This week, the Maria J. Langer film series is proud to present the Korean film “Poetry,” which is about a woman, who despite the pessimism of the world around her, chooses to focus on only the upbeat aspects of life.
This is the story of Korean grandmother Yang Mija and her journey to find peace and righteousness on Earth. At the age of 66, Yang is living on government welfare and is occupied by taking care of an elderly man.
On top of this, she has been given the task of looking after Wook, her spiteful grandson who helps run her home.
Yang started taking poetry classes at her local community center and at the advice of her instructor, she began to take notes on the things she sees in everyday life. Wook has a close-knit group of friends from school whom he regularly hangs out with.
One evening after one of her poetry classes, Yang meets with the fathers of the other boys in the group only to find out that the group of boys have been regularly raping a girl from their school.
The rapes went on forsix months before the victim committed suicide. After the death of the girl, it is discovered that she kept a diary, and in order to prevent a full investigation, the families proposed to pay a settlement to the affected family.
Regardless of these trials, Yang cannot help but see the positive in all situations, despite the pain and frustration she sees in the lives of others. After visiting the mother of the victim, Yang’s resolve to bring the boys to justice only is strengthened.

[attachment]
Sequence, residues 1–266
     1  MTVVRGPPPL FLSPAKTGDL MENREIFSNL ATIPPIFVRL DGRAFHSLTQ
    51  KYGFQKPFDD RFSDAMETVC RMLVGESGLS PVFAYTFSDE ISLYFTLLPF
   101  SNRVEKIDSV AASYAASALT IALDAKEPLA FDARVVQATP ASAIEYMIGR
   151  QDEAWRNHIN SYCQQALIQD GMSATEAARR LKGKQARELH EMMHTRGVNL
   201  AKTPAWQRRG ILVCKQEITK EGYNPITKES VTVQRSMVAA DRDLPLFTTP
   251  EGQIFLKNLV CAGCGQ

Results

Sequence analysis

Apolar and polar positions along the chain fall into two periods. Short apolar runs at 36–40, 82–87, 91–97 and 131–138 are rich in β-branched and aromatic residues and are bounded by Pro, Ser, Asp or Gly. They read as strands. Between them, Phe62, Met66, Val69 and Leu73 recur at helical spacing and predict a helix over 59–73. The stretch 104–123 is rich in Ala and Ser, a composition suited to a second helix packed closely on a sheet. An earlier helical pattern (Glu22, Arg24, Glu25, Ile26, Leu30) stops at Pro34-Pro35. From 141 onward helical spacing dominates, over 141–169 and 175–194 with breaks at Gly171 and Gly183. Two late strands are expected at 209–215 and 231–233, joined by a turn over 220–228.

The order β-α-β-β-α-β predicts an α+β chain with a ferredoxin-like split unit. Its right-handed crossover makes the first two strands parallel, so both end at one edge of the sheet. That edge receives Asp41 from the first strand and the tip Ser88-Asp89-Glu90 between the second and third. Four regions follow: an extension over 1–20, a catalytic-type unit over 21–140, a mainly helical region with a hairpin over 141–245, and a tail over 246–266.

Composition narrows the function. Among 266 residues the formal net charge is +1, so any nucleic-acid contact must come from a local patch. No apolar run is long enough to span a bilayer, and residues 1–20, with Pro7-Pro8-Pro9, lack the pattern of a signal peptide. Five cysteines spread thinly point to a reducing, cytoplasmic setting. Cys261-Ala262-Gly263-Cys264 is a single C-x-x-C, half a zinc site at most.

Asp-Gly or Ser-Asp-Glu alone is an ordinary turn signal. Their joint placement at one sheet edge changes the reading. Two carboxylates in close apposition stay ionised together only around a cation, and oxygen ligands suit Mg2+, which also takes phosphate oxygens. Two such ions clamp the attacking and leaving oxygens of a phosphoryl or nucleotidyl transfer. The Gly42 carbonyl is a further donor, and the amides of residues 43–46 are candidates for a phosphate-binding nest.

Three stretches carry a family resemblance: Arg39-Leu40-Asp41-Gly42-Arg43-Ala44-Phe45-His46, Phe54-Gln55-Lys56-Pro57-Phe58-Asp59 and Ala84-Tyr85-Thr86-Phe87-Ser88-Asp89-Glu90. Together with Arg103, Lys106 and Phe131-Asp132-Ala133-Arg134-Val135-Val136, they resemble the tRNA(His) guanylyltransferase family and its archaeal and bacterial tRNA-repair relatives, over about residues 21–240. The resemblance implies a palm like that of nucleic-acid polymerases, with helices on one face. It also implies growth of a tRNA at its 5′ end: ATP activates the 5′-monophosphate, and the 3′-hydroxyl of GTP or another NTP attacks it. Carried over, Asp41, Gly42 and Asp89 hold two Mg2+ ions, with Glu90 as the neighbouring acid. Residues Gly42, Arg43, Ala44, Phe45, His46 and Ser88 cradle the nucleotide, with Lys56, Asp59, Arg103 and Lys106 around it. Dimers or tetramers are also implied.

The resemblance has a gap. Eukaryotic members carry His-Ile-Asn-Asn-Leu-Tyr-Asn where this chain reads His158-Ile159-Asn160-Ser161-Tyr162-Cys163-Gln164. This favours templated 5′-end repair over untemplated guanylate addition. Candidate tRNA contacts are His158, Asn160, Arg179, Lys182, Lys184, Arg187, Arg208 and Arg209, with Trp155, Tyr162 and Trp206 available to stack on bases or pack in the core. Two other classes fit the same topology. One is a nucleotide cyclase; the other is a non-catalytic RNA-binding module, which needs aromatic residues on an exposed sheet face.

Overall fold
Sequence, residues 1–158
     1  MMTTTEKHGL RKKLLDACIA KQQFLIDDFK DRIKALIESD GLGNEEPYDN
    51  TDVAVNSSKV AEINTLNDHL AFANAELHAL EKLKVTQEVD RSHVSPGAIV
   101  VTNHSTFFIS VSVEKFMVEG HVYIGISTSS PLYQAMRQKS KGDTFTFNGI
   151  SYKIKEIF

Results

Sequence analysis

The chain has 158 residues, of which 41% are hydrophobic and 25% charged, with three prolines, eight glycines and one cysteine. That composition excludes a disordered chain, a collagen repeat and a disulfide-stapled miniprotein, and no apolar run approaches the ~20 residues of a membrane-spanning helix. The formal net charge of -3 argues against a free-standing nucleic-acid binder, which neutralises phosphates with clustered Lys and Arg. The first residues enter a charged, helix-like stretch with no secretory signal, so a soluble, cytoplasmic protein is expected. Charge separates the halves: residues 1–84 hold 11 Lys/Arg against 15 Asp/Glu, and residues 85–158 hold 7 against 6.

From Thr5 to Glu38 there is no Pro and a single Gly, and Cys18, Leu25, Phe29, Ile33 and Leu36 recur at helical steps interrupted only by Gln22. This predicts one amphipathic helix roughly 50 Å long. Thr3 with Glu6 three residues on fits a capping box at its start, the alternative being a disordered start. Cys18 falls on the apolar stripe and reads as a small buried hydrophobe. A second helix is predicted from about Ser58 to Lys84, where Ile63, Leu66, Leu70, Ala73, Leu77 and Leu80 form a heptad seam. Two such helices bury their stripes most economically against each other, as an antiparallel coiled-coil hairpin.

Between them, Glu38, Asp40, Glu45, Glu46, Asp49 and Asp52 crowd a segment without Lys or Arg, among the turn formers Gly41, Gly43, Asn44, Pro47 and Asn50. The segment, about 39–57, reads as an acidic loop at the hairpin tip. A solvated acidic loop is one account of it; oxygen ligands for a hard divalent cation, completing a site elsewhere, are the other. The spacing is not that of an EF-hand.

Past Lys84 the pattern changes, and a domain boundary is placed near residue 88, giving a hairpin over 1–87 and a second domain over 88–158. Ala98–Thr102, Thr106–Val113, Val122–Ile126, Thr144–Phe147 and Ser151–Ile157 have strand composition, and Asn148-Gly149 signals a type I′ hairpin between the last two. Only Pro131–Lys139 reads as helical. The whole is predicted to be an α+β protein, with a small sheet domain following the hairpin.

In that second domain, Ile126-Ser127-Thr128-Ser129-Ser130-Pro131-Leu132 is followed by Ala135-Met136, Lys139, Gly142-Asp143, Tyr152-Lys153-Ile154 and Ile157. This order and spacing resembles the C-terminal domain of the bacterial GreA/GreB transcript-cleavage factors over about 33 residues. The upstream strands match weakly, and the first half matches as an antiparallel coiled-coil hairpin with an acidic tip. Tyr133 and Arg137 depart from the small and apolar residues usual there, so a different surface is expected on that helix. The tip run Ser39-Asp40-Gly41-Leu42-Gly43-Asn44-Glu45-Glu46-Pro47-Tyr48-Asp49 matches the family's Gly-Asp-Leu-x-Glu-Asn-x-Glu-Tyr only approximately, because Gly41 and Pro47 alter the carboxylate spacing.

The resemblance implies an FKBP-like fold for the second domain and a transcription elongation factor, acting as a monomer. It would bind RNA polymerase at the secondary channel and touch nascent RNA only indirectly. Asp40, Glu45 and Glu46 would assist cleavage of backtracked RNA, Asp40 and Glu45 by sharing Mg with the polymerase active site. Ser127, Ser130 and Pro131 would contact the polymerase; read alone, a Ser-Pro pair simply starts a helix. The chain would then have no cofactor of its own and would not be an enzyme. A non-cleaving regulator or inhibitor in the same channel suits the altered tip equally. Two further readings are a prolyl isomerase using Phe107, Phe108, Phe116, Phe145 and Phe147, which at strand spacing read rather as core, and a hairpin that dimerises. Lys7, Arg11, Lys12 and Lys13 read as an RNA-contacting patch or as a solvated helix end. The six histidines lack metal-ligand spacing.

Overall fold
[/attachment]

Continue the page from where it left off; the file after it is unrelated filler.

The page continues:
The decision to condemn the boys also means that Yang will have to revile her grandson as well.
In the course of the investigation, Yang develops an empathic connection to the victim’s mother rather than perceiving wrong doings as an abstract form of injustice. This notion of justice seems to be the underlying message of the film.
“Poetry” is taking on the challenge of finding a solution to unusual social circumstances, and the response to human tragedy. Throughout the story, Yang attempts to retreat to her artistic note taking on the simple happenings of life around her.
Her innocent attempt to reference her lessons and create some meaning in her life and reflect on beauty is a way to cope with turning in Wook.Yang cannot bear to see the consequences of helping the police arrest her grandson, and by acknowledging something as simple as a tree, she is representing her ability to see beauty in even the lowest of lows.
Remarkably, Yang is the only one in her poetry class to complete a poem.
It is precisely because of her ability to seek out what is beautiful in the mundane that leads her to a deeper understanding of poetry and consequently, what it is to see absolute beauty in the world.
“Poetry” will be showing Wednesday, March 28, at 2:15 and 7:15 p.m. in the PAC. Tickets are free with a Mercyhurst ID.